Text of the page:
I would suggest adding rosemary to a dish a little at a time, this way you can control that depth of pungency. The flavor will develop further the longer it is cooked and if you are looking to replace thyme in a dish with rosemary, then add closer to the end to take away that astringency.
Perfect replacements for thyme don’t exist so looking at ways to give a dish a herby, earthiness from other herbs works well as long as they don’t overpower. Therefore with rosemary I don’t recommend a like for like replacement. If a recipe calls for 1 teaspoon of dried thyme go for 3/4 teaspoon of dried rosemary.
4. Marjoram Vs Dried Thyme
Marjoram and oregano share a lot of the same characteristics as one another, but both work well to replace thyme. Use in a like for like ratio and just be mindful if the dish already contains either of these two herbs. Dried marjoram is easy enough to come across in the stores.
5. Savory Vs Thyme
Savory has some of the similar flavors to thyme and will lend a dish a peppery and indeed savory flavor. I would suggest mixing this with other herbs if you are looking to replace thyme though. Just because it is not the perfect replacement.
Try 1 tablespoon dried thyme = 2 teaspoons dried savory + 1 teaspoon rosemary for a similar overall flavor.
6. Dried Basil Vs Dried Thyme
Basil has a lot more pepper and mint like notes than thyme, but when dried it looses some of those qualities and intensifies others. This makes it a good replacement for dried thyme. Use in a one to one ratio of 1 teaspoon dried thyme = 1 teaspoon dried basil.
7. Using Herbes De Provence To Replace Dried Thyme
Although there is some variation of the recipe herbes de Provence includes rosemary, thyme, oregano, marjoram and savory. Some recipes include lavender and a few other optional herbs, but this basic recipe makes it an ideal replacement for thyme.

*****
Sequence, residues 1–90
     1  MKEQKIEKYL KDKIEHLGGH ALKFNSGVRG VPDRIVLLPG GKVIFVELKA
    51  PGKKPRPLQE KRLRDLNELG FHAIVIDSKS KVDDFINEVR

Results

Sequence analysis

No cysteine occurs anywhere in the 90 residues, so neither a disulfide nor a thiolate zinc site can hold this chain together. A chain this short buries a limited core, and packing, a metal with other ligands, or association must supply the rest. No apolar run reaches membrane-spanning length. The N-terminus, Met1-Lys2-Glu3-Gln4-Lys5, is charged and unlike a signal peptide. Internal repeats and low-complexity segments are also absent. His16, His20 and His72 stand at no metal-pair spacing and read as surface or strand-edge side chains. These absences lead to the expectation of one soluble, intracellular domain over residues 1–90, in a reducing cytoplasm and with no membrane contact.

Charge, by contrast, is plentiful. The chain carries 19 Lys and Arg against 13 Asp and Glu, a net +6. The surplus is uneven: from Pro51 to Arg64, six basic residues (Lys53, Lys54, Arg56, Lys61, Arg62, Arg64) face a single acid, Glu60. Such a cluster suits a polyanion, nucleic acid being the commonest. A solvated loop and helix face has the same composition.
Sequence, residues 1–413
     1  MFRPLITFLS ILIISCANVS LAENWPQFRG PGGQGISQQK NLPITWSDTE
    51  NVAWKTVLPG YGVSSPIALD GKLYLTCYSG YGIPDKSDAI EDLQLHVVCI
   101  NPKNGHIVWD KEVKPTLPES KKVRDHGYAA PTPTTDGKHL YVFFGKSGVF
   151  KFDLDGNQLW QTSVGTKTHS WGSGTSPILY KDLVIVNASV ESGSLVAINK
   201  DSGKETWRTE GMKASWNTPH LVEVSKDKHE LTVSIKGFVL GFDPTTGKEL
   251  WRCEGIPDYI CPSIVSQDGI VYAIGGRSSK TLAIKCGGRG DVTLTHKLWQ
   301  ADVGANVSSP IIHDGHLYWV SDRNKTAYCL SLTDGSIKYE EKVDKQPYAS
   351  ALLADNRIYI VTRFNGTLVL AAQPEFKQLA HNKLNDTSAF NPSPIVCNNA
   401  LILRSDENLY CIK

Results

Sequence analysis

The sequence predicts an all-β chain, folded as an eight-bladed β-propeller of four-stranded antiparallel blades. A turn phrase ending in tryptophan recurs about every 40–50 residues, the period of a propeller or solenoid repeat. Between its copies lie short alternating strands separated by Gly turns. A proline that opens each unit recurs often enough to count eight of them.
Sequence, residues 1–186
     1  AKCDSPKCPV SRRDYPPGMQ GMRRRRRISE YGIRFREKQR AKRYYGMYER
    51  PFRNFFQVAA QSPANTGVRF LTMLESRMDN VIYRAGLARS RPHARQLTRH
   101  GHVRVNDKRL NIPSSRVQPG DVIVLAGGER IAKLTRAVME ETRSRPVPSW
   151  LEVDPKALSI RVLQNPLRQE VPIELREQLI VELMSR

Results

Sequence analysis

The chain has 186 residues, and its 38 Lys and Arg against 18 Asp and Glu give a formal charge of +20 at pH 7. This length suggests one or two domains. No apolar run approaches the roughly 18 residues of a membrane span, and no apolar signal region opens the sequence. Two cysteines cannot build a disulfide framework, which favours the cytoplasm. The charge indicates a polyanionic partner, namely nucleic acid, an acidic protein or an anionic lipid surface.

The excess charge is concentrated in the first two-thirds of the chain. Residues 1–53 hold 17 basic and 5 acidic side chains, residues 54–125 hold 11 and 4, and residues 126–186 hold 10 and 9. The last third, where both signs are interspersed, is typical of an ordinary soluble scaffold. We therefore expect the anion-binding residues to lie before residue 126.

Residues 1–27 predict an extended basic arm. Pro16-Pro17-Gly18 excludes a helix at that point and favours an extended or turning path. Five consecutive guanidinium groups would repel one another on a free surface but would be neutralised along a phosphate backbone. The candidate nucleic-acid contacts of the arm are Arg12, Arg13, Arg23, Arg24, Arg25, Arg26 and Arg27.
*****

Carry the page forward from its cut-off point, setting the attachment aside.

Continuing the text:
My word of caution here is to check the whole recipe. If it asks for some of those other herbs to be added, remove them as individual ingredients and increase the amount of herbes de Provence that you add overall.
8. Replacing Dried Thyme With Italian Seasoning
Italian seasoning has a basic recipe that includes rosemary, thyme, oregano and basil. This makes it a good alternative to thyme if you have run out. Look out for the other ingredients in the recipe and remove them but increase the overall amount of Italian Seasoning you add.
9. Za’atar As A Replacement For Thyme
Za’atar contains dried thyme, oregano and marjoram. There is sometimes Sumac added and there is salt in here as well. SO if you are using za’atar to replace dried thyme make sure to reduce any citrus elements and salt that you are using in the rest of the dish.
10. Sachet D’Epices
A sachet d’epices contains dried herbs, often dried thyme and oregano. Therefore it makes a good replacement for fresh or dried thyme in a recipe. Use it to taste as it is pretty much a large tea bag for a recipe rather than a cuppa.
In Conclusion & What Next
It’s not easy to replace the delicate flavors of one herb for another and when it comes to thyme, using dried works very well. Growing your own fresh thyme is our best advice as you can then go for more nuanced flavors with lemon thyme and grow a years worth of fresh and dried. Have a look at our guide for growing thyme and see just how easy it is!
Have a look at some of our other articles and get to know your herbs a bit better.